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05/28/15

Does Obama Really Want an Agreement with Iran?

By Shireen T. Hunter (source: LobeLog)

The framework agreement on Iran’s nuclear file concluded in Lausanne on April 2, to be followed by completion of a comprehensive agreement by June 30, was an important achievement for Iran, the United States, and the other P5+ 1 negotiating parties. Now, however, a key question is whether President Obama truly wants an agreement, or whether he will pay agreement opponents such a price that he drives Iran away from the negotiating table. If that happens, all sides will lose.

No sooner were the Lausanne talks concluded and the communique read than disagreements developed and were publicly aired over how to interpret the framework agreement. First came the issue of the American fact sheet put out by the White House. The Iranian side immediately disputed the US interpretation of the agreement. This was followed by other statements by US officials involved in the talks, including the secretary of energy, which were at variance with the Iranian interpretation of what had been agreed in Lausanne.

Then there was the compromise agreement between the White House and the Congress regarding the latter’s role in approving any agreement that might be reached. Rightly or wrongly, Tehran interpreted this agreement as an indication of President Obama’s weakening resolve to reach an agreement with Iran, partly because in the past he had indicated that he would veto such a resolution. As it is, the compromise has pushed back the implementation of an agreement by at least two months.

Another issue causing anxiety in Iran is related to inspection of Iranian military sites that are not connected with the nuclear question. Iran has reacted negatively to a statement by the State Department’s spokesperson that, if Iran does not agree to such inspections. there will be no agreement. In fact, the Additional Protocol to the Nuclear Non-Proliferation Treaty only calls for limited and organized inspections of non-nuclear sites. Nevertheless, the way the spokesperson framed the question aggravated Iranian concerns, partly because, in the past, confidential information Iran provided to the IAEA was leaked. In response, Iranian leaders, from the Supreme Leader to the president and the military chiefs, responded strongly and promised that they would not allow the leaking of the country’s security and military secrets that could endanger its security. Meanwhile, hardline Iranian opponents of the negotiations stated that such acts would amount to “official and sanctioned spying.”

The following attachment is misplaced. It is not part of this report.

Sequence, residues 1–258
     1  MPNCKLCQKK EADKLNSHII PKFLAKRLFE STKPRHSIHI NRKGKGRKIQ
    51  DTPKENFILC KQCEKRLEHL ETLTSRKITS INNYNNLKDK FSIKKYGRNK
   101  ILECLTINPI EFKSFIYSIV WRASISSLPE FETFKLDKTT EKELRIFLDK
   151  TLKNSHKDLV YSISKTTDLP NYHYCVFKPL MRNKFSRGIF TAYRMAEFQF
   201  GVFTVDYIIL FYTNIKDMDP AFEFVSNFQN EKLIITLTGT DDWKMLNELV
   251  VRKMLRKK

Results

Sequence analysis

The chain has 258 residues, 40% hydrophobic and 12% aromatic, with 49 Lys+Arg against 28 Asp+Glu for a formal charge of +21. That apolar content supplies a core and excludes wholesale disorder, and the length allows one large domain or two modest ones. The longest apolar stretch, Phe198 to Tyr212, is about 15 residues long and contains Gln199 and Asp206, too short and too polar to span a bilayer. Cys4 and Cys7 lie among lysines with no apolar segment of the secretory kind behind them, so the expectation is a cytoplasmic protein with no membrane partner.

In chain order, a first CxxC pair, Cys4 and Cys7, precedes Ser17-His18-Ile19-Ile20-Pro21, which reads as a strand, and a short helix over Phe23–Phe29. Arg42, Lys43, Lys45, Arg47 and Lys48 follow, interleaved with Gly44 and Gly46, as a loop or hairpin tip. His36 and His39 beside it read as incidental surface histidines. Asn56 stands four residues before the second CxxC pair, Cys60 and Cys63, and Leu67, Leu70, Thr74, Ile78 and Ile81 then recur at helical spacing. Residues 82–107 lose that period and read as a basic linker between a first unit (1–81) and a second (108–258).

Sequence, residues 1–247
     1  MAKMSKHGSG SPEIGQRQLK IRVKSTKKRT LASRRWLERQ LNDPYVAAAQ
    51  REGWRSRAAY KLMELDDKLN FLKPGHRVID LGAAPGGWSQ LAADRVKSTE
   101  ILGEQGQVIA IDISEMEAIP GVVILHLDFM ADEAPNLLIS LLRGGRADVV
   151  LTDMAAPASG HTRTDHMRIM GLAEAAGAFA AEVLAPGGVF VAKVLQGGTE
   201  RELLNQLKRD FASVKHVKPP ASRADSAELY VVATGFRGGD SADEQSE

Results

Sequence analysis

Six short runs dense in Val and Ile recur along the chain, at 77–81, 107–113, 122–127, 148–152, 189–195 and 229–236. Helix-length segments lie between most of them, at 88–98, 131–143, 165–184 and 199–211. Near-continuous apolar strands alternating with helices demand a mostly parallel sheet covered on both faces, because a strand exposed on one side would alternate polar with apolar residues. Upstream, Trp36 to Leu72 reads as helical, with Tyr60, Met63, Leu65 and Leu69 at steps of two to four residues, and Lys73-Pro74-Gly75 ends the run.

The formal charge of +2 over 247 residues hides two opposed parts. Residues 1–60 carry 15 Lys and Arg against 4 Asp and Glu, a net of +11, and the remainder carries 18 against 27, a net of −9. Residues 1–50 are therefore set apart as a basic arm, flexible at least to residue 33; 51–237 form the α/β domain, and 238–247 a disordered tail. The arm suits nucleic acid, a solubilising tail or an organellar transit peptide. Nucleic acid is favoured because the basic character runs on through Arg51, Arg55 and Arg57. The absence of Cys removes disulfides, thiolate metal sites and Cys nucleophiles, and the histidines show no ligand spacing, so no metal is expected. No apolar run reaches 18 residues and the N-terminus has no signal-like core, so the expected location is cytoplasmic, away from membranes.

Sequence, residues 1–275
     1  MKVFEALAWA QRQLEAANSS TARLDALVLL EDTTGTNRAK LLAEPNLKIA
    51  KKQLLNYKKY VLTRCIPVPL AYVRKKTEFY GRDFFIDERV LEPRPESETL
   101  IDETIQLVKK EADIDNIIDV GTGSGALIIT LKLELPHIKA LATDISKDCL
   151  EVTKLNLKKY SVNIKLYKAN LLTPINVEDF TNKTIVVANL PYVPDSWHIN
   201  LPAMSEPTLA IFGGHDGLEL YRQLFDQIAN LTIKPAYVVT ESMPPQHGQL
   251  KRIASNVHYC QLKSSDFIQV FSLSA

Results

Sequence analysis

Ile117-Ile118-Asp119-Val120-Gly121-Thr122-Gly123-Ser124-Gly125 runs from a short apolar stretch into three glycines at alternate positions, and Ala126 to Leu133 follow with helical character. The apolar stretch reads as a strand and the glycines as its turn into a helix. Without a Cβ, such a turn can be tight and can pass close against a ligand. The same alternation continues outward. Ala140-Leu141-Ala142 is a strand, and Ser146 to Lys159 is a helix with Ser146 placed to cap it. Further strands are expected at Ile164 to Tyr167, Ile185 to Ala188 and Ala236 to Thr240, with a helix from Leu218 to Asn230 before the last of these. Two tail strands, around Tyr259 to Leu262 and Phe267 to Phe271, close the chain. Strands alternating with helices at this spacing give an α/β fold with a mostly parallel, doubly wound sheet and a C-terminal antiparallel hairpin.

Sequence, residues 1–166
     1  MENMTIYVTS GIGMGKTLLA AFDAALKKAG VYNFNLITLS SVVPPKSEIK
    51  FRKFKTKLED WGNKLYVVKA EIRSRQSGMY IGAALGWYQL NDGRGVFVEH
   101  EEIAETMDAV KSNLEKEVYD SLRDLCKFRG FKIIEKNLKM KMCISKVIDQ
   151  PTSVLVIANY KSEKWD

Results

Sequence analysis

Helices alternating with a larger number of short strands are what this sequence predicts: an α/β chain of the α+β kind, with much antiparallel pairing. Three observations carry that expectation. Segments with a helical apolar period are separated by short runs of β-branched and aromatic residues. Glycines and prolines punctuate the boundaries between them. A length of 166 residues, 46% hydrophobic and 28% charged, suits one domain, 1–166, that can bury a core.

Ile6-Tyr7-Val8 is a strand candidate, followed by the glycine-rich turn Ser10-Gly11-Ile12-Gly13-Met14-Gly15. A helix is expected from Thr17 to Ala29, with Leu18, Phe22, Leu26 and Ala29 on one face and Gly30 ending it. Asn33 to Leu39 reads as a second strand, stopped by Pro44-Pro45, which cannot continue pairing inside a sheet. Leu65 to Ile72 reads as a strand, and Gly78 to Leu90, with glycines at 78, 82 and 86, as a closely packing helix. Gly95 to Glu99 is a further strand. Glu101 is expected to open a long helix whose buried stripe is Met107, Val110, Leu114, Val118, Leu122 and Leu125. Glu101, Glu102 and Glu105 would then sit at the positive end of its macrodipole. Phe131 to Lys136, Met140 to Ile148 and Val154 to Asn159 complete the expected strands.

US Tightens the Screws

But these complaints were nothing compared to the feelings of betrayal and anger that more recent events have generated in Iran. For instance, US officials, most notably President Obama, have stated that the US will do whatever it takes to stop what they characterize as Iran’s imperial ambitions. Washington also decided to sequester 20 airplanes sold to the Iranian airline, Mahan, and to sanction the companies that carried out the deal. This decision was justified on the grounds that such prohibitions come under those sanctions imposed on Iran because of its support for terrorism and will continue even if a deal on the nuclear issue is reached. Of course, the United States also renewed oil and banking sanctions.

But even these measures were nothing compared to the spectacle of the recent US-GCC Summit at the White House and Camp David. Obama organized the meeting to reassure the Gulf Arabs that the nuclear deal would not mean either a normalization of US-Iran relations or a slackening of US commitment to the Gulf monarchies in their struggle against so-called Iranian imperialism, which in light of Saudi operations in Yemen sounds ironic at best.

These latter developments provided a golden opportunity for Iran’s hardliners, including influential clerical figures, to attack those who favor reaching a deal with the US. For example, during Friday prayers Ayatollah Janati styled those who believe in US promises and hope that sanctions will be removed and the country’s problems will be resolved as fools lost in unrealistic dreams (Khosh Khial). He asked rhetorically which is better: that Iranians keep their dignity or have a full belly. He answered his own question by saying it is better for Iranians to keep their pride and dignity and remain hungry.